School Choice & Charters Q&A

New Orleans’ Schools 10 Years After Katrina: Q&A With Patrick Dobard

By Arianna Prothero — September 10, 2015 6 min read
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There’s skepticism that New Orleans’ nearly all-charter system of schools is a model that can be imported wholesale to other places. But what about specific policies and lessons? In this first part of an occasional series, Charters & Choice explores how New Orleans has tackled issues arising from all-out school choice and what other cities and states can learn from the Crescent City’s experiences.

The Recovery School District is not a traditional district. It was created by the Louisiana state legislature to take over failing schools, which it did en masse in New Orleans following Hurricane Katrina.

Today, the RSD is made up entirely of charter schools and oversees the vast majority of campuses in New Orleans.

Other states, such as Tennessee and most recently Nevada, have drawn inspiration from the RSD and passed laws creating their own state-run school turnaround districts. Still others, such as Georgia, are attempting to do so.

While reporting for Education Week‘s special series on schooling in New Orleans for the 10th anniversary of Katrina, I asked the superintendent of the RSD, Patrick Dobard, to talk specifically about the challenges that have arisen from this unique system of indepedent schoools. (Dobard also wrote his own take on the evolution of public schooling in New Orleans since the storm.)

Many issues, he told me, come from the tension between allowing schools to have the autonomy that is central to the idea of charter schools, while also making sure they’re not taking advantage of that freedom by failing to serve some of the highest-needs students. Below is our conversation on the topic, edited for length and clarity.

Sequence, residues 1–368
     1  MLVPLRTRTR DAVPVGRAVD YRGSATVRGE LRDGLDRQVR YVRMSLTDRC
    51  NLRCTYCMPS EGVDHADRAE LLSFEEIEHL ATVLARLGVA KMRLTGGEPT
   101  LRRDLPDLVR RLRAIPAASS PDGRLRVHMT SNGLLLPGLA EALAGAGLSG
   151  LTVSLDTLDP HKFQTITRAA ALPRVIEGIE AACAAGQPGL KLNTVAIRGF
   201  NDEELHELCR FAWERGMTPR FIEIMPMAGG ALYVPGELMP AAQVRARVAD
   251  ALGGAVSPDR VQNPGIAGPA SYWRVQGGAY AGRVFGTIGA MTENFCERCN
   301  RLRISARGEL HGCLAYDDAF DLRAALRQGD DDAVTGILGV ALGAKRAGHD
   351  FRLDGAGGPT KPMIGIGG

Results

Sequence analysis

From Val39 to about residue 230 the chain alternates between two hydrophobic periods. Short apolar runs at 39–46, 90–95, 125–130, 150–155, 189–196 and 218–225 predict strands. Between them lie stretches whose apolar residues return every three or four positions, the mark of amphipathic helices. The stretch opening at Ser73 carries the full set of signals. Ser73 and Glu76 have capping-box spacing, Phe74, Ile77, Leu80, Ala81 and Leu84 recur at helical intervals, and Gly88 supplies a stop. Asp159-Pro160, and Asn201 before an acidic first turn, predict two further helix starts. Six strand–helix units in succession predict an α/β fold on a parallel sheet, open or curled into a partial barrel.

Q. Looking back over the last 10 years, what are some of the biggest challenges New Orleans’ schools have faced not having that traditional district infrastructure?

A. One we initially had was around enrollment. Once charters started opening up, they had their own registration and enrollment process. There was no central function, so about four years ago we created a system that we called OneApp. OneApp basically meant one application ... before we had OneApp, parents would fill out different applications for different schools. So you might go to 10 schools, fill out 10 applications, have to do 10 registration processes to see if you got in the school.

Now all of the RSD charter schools are in a central enrollment system. All of the Orleans Parish School Board network schools or the direct-run schools are in the enrollment system, and a handful of charters by OPSB are in the system. There are still about nine schools that are charter schools by the Orleans Parish School Board that aren’t in the central enrollment system, but we want to get all of them in it.

What that has done is it’s made the playing field very equitable. We’re able to solve for issues of equity that otherwise are a bit unwieldy when you have a decentralized system of schools.

Q. Can you give me some examples of how it helps create equity?

A. In a decentralized system of schools you might have schools that don’t want to serve kids with special needs, or try to push kids and families out. With our central enrollment system, it’s one; it’s agnostic and doesn’t know whether or not a kid has a disability, so schools, once you get a kid in the school, the child is assigned to the school, you have to serve that kid.

We’ve put in very strong transfer policies, so you just can’t move kids along. We’re able to track them in our system, so therefore we don’t have the high mobility rates or movement rates of special ed kids.

When we unpack that a little bit more, we also created in New Orleans for our charter schools a differentiated funding formula, where what we’ve done is we’ve weighted the state funding that schools receive in order to make certain that the kids with the most significant challenges get more dollars put towards them. It’s the money literally following the kids.